• Publisher: Belknap Press; Tra edition (October 17, 2011)
  • Language: English
  • ISBN-10: 0674047826
  • ISBN-13: 978-0674047822
  • Product Dimensions: 9.3 x 6.4 x 1.3 inches
  • Shipping Weight: 1.6 pounds (View shipping rates and policies)
  • Average Customer Review: 4.2 out of 5 stars  See all reviews (6 customer reviews)
  • Amazon Best Sellers Rank: #361,906 in Books (See Top 100 in Books)

More About the Author

Discover books, learn about writers, read author blogs, and more.

Customer Reviews

Most Helpful Customer Reviews

7 of 7 people found the following review helpful By Beverly Seaton on May 12, 2012
Format: Hardcover Verified Purchase
Michel Pastoureau, my teddy bear Brownie (b. 1941) and I salute you! This book is both scholarly and readable, with great illustrations and a clear narrative. Pastoureau has clearly shown the role of the church in the demotion of the bear from hero to degraded entertainer, as it swept away the old religions of Europe with a skillful use of transformation, from picturing the bear as a servant to saints in many stories to flipping pagan bear-related holidays to Christian celebrations.

Throughout the account runs the continuing use of the same names related to bears, even in Christian times. I found this aspect of the book especially enlightening as I never knew all the bear's names throughout European history. King Arthur?? Of course!

The Bear is a model of popular culture scholarship; I look forward to reading Pastoureau's books on the history of colors and stripes.
And I loved the happy ending--the revenge of the bear, i.e. the rise of the teddy bear in the twentieth century.
Comment Was this review helpful to you? Yes No Sending feedback...
Thank you for your feedback. If this review is inappropriate, please let us know.
Sorry, we failed to record your vote. Please try again
5 of 5 people found the following review helpful By Martin Davies on October 27, 2012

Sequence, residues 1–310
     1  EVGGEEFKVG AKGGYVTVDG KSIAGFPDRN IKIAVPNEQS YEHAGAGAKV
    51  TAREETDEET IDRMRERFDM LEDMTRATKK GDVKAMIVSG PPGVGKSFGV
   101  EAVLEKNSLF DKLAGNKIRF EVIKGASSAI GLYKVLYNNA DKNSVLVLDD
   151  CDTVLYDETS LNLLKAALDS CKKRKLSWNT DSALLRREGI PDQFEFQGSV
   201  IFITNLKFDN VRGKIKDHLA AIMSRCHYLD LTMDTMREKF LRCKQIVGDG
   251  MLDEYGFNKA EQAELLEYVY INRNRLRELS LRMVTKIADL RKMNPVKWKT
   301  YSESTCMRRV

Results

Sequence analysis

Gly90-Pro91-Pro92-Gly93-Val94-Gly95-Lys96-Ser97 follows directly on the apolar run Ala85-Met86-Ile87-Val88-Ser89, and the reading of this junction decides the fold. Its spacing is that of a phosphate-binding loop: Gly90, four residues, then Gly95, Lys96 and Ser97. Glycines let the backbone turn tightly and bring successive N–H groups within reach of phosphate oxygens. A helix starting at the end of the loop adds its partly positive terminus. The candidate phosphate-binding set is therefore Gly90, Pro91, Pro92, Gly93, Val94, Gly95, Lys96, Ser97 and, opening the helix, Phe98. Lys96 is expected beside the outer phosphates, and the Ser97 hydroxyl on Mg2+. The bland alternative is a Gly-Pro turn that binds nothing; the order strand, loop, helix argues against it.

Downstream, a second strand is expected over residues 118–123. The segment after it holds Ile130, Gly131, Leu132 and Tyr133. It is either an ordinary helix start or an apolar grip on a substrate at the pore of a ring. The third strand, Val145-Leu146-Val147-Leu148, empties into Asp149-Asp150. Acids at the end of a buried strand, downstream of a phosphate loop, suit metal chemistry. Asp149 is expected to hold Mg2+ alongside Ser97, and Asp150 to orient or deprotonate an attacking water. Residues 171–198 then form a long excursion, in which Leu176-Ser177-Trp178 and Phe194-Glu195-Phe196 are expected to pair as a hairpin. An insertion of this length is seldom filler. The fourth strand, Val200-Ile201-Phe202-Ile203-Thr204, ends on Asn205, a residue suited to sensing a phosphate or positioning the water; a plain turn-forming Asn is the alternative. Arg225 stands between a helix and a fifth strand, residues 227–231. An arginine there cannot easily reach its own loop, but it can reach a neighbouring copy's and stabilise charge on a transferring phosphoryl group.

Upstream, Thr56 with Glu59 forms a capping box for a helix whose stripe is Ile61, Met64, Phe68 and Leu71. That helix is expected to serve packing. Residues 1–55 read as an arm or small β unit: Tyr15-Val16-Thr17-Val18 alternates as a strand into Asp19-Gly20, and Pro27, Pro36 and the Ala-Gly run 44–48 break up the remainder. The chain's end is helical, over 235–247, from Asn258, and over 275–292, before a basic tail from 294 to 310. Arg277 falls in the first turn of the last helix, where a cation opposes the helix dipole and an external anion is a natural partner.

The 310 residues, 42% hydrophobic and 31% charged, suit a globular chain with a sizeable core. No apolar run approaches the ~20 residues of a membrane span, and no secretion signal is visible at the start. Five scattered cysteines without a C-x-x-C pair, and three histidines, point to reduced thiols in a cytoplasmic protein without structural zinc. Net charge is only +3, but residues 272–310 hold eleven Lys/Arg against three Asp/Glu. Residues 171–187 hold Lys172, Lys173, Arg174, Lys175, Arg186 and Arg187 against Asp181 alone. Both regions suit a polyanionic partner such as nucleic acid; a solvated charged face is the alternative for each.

Format: Hardcover
This book is beyond extraordinary. Pastoureau has taken a subject of vast significance - about which hardly a word has been written - and illuminated with erudition and style not just the animal's sorry history, but also Christianity, scholasticism, zoology, heraldry, hagiography and onomastics, with brilliant insights on the side into dietetics, toponomy, and a host of other disciplines. His mind is as wide-ranging as the magnificent Ursidae of the past, so terribly persecuted by the medieval church. A shocking indictment of ecclesiasticism, evangelization and anthropolatry.
Comment Was this review helpful to you? Yes No Sending feedback...
Thank you for your feedback. If this review is inappropriate, please let us know.
Sorry, we failed to record your vote. Please try again
4 of 4 people found the following review helpful By Karen M. Carlson on April 26, 2013
Format: Hardcover Verified Purchase
This is a highly readable history of the bear in European culture. The author puts forth an interesting thesis about the prominence of the bear in prehistoric and early historic/pre-Christian times, when the bear was an object of respect, of realistic fear, and sometimes of veneration. He proceeds to show how attitudes towards the bear changed, with the implication that this was -- consciously or unconsciously -- orchestrated by the Christian church, for whom the bear's pagan associations were threatening.

Most of this material was new to me, and I did not delve into the sources listed. Thus for the most part I do not know how accurate it is. A couple of statements, however, I am pretty sure are incorrect. In discussing the Norse gods, the book says "the war god Thor was early on given as surname the common name for bear in Old Norse: bjorn (Thorbjorn)...." Nowhere in my fairly extensive reading of Norse mythology and Scandinavian sagas have I seen the god Thor called Thorbjorn; Thorbjorn is man's name that incorporates the god's name. In discussing Beowulf, the hero of the Old English poem of that name, the book rightly points out that the name Beowulf (bee wolf) suggests a bear. However, when it states that "Beowulf is a bear, or rather the son of a bear and a woman" it goes beyond the text or any scholarship that I am aware of. These dubious statements are used to support the arguments of the book, which leads me to wonder if many more points might be misstated or exaggerated.

The book is interesting, and -- taken with a grain of salt as to details and bias -- the main premise is believable. it is for the most part anecdotal, and includes a number of engaging stories from history and folklore.
Comment Was this review helpful to you? Yes No Sending feedback...
Thank you for your feedback. If this review is inappropriate, please let us know.
Sorry, we failed to record your vote. Please try again

Set up an Amazon Giveaway

Amazon Giveaway allows you to run promotional giveaways in order to create buzz, reward your audience, and attract new followers and customers. Learn more
The Bear: History of a Fallen King
This item: The Bear: History of a Fallen King
Price: $27.44
Ships from and sold by Amazon.com

Want to discover more products? Check out this page to see more: cheap teddy bears bulk